Domestic violence cases surge amid stay-at-home orders

Domestic violence cases surge amid stay-at-home orders
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Police departments across the country are reporting a spike in domestic violence cases as stay-at-home orders put victims and their abusers in constant proximity.

Experts who study domestic violence say the increases, however, are almost certainly underreported because some victims cannot get away from their abusers to call police.

Departments in Boston, Chicago, Dallas, Los Angeles and Seattle have said publicly they are seeing increases in domestic violence allegations.

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Chicago reported a 14.6 percent increase in the number of calls during the first week of April compared to the same period last year, said Aileen Robinson, domestic violence operations coordinator for the Chicago Police Department. She said the department expects those numbers to rise even more in the coming weeks.

“We already know that abusers are using this as a tool to manipulate not only victims, but law enforcement,” Robinson said. She said abusers can “manipulate” victims by intentionally exposing them to the virus or threatening to throw them out if they test positive.

Boston had a decrease in simple assault and battery cases from January to February, and then an increase from February to March. In March, there was a 22 percent increase in domestic violence in comparison to March 2019.

The Dallas Police Department reported a 20.3 percent increase in domestic violence reports from February to March. A Seattle spokesman said that city's police department reported a 21 percent jump in March, compared to the same month last year.

The Los Angeles Police Department (LAPD) reported a 12.4 percent decrease in domestic violence crime involving intimate partner aggravated and simple assault from January to February. Those figures then rose by 7.6 percent from February to March.

“LAPD along with all [domestic violence] service providers are trying to educate the community that we are still here and operating during the pandemic,” said Marie Sadanaga, an LAPD detective and domestic violence coordinator. “Some services have moved to telephonic only, such as victim advocacy and legal services, but they are still working.”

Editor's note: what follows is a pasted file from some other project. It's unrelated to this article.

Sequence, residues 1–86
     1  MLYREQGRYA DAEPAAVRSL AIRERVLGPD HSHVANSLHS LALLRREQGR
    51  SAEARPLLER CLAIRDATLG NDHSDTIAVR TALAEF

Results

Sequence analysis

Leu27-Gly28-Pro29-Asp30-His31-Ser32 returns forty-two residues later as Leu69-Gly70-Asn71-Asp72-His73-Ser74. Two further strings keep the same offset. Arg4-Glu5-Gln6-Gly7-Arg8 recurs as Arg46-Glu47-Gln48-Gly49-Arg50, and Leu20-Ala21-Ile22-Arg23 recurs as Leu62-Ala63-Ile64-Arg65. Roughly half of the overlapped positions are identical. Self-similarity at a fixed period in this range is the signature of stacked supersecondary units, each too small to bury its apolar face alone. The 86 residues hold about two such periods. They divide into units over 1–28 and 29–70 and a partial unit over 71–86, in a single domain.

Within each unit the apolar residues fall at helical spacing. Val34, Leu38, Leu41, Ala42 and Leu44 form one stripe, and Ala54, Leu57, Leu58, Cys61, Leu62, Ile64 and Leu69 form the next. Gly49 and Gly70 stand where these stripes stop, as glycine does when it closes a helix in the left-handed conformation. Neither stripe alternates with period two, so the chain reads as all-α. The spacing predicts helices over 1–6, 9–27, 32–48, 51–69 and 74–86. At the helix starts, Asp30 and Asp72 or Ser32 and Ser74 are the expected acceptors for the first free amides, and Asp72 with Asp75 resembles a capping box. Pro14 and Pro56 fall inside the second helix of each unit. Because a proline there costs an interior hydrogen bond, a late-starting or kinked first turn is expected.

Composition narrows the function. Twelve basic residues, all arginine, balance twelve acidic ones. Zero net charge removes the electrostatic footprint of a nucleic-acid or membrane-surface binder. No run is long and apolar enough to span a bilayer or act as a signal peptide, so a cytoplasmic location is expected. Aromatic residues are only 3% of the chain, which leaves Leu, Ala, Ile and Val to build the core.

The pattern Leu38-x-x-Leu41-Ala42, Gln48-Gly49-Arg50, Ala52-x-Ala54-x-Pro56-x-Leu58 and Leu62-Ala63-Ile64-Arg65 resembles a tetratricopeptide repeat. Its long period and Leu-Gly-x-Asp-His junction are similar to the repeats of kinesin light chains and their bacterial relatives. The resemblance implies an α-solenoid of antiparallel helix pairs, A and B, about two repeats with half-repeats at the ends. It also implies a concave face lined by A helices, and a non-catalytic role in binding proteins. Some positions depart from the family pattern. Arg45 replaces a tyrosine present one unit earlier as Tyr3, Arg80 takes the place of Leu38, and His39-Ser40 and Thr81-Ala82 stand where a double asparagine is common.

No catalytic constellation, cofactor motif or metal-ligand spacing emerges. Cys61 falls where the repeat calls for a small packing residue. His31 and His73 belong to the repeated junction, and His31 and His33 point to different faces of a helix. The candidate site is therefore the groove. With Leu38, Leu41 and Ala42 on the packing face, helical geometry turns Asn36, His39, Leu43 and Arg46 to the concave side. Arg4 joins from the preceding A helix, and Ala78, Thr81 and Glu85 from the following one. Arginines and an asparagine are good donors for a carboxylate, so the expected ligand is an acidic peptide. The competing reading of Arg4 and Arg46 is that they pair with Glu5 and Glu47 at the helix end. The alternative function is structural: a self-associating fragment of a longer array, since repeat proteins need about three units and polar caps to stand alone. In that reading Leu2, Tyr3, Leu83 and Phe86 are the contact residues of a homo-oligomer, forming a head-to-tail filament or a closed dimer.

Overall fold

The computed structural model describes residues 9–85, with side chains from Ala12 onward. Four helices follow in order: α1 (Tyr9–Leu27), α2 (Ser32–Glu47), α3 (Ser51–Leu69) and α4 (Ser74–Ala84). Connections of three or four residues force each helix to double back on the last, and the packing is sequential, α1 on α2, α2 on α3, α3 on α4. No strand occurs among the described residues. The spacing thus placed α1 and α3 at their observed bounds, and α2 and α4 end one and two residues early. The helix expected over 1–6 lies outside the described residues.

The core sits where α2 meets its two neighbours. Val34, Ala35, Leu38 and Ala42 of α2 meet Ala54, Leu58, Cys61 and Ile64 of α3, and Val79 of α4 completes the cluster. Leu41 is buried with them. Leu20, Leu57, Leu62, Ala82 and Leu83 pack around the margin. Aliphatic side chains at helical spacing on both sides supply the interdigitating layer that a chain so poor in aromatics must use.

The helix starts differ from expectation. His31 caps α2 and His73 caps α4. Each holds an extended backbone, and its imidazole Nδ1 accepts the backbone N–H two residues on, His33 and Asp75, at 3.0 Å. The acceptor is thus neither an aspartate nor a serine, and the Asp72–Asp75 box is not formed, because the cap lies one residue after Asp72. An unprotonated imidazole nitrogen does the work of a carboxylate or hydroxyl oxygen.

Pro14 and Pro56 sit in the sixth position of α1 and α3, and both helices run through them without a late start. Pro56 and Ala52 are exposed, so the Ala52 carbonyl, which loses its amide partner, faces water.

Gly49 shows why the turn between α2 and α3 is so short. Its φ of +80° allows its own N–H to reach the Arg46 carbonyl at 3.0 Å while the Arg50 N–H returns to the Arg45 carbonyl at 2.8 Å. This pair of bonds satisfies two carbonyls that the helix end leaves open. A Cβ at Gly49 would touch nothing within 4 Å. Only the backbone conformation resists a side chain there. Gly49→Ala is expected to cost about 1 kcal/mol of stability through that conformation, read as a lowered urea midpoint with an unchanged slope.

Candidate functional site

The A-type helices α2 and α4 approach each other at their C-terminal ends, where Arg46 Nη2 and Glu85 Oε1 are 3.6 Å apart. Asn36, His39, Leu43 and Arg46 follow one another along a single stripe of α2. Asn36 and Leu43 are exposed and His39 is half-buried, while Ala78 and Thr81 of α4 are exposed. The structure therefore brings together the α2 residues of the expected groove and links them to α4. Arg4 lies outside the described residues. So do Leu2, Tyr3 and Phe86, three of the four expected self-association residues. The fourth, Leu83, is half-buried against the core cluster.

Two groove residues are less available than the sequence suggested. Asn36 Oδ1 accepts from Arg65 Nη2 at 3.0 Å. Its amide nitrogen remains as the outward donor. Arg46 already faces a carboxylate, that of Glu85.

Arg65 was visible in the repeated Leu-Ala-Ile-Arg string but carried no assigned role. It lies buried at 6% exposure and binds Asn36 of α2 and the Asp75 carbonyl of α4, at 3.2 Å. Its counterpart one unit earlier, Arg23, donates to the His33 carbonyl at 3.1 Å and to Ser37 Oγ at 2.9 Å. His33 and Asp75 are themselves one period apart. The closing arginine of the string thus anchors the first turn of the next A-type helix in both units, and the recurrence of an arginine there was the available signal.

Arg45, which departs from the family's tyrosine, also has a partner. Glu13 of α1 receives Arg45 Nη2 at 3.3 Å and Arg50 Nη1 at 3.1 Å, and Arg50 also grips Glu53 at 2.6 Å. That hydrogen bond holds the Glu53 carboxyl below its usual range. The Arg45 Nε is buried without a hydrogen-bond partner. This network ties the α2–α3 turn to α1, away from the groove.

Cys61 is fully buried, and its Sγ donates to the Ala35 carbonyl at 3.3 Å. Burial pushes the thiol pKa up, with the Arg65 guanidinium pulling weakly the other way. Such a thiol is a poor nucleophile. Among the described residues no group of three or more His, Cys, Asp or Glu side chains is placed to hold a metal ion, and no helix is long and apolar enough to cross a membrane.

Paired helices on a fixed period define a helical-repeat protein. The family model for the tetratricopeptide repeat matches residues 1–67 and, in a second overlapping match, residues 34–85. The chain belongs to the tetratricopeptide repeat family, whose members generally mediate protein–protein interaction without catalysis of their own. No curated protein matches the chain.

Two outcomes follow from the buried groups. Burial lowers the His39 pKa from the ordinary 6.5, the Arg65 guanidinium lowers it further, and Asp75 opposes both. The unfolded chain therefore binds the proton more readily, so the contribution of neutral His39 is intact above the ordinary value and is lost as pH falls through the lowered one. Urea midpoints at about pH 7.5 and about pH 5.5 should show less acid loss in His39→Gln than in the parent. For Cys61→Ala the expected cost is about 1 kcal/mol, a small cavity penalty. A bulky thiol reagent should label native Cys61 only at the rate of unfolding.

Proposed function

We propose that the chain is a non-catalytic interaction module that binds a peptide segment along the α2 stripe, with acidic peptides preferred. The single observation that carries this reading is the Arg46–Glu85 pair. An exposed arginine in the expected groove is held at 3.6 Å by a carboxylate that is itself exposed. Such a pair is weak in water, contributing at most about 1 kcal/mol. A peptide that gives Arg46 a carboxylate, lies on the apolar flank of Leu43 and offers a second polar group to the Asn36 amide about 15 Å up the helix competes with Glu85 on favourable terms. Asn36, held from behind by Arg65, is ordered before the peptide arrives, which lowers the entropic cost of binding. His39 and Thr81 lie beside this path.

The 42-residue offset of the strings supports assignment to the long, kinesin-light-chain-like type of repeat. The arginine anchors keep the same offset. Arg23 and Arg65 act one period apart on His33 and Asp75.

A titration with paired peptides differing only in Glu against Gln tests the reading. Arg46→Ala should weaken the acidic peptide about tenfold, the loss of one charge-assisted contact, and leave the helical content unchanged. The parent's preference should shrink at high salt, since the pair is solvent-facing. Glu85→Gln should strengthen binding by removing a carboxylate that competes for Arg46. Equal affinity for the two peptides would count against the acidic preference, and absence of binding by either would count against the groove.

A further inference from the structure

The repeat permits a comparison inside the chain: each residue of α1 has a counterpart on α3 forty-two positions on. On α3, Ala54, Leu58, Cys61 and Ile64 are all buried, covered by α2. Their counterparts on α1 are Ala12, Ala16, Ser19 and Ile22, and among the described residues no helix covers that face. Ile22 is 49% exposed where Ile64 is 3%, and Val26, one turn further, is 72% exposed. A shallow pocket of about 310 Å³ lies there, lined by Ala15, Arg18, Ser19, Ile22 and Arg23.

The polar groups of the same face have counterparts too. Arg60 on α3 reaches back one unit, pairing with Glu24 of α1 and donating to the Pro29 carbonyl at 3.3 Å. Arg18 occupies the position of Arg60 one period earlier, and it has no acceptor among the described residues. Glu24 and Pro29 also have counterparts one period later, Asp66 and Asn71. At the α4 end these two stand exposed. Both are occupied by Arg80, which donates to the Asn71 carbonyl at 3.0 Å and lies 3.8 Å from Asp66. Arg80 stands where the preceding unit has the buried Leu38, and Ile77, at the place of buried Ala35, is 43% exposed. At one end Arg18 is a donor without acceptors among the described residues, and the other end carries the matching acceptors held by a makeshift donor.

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Sadanaga added that the average number of calls related to domestic violence increased from 110 a day to 121 after the state’s stay-at-home order was implemented on March 19.

The increases are not uniform across the country. New York City's police department reported a 15 percent decline in domestic violence calls from last year, while police in Washington, D.C., said they saw no significant change.

But where there are spikes, the lockdowns that have either confined people to their homes or cost them their jobs are contributing factors, experts said. They pointed to unemployment, health concerns and the added stress of having children at home and out of school as factors that can exacerbate abuse conditions.

“Not only are many people confined to their homes, but they are also experiencing stressors that are known to increase the risk of violence, especially job loss and health problems,” said Philip Cohen, a sociology professor at the University of Maryland. “People at risk of abuse might not have access to the supports and services they might normally have been able to take advantage of.”

Cohen said it’s possible the reporting rate from law enforcement “is lower for some of the same reasons the abuse rate might be higher.” Due to the stay-at-home orders, Cohen said, victims may be unable to seek help like before.

Congress set aside $47 million for domestic violence in the $2.2 trillion coronavirus relief package signed into law March 27, including funds for the National Domestic Violence Hotline.

Fears about the coronavirus and its broader societal and economic impacts have fueled a rush on gun stores, where sales are sharply up in recent weeks. One industry analyst found sales spiking more than 300 percent over a three-week period in late February and mid-March.

That worries some activists who say more access to weapons raises the risk of domestic violence.

“Surging gun sales and shelter-in-place orders are leaving domestic violence victims trapped with their abusers, who, in America, have easy access to guns, and that is a deadly combination,” said Shannon Watts, founder of the gun safety group Moms Demand Action, in an interview. “We know that domestic violence spikes during times of prolonged financial stress. And then when you add into that, that access to a gun makes it five times more likely an abuser will kill his female victim.”

Jill Messing, a professor of social work at Arizona State University, said it is unlikely the lockdowns are causing an increase in the number of victims and abusers; instead, the spikes are coming from those who were already committing the abuse.

“If we think about domestic violence, it’s about power and control," Messing told The Hill. "And so anytime there’s something that an abuser can use to increase that power and control, I think that they would use it.”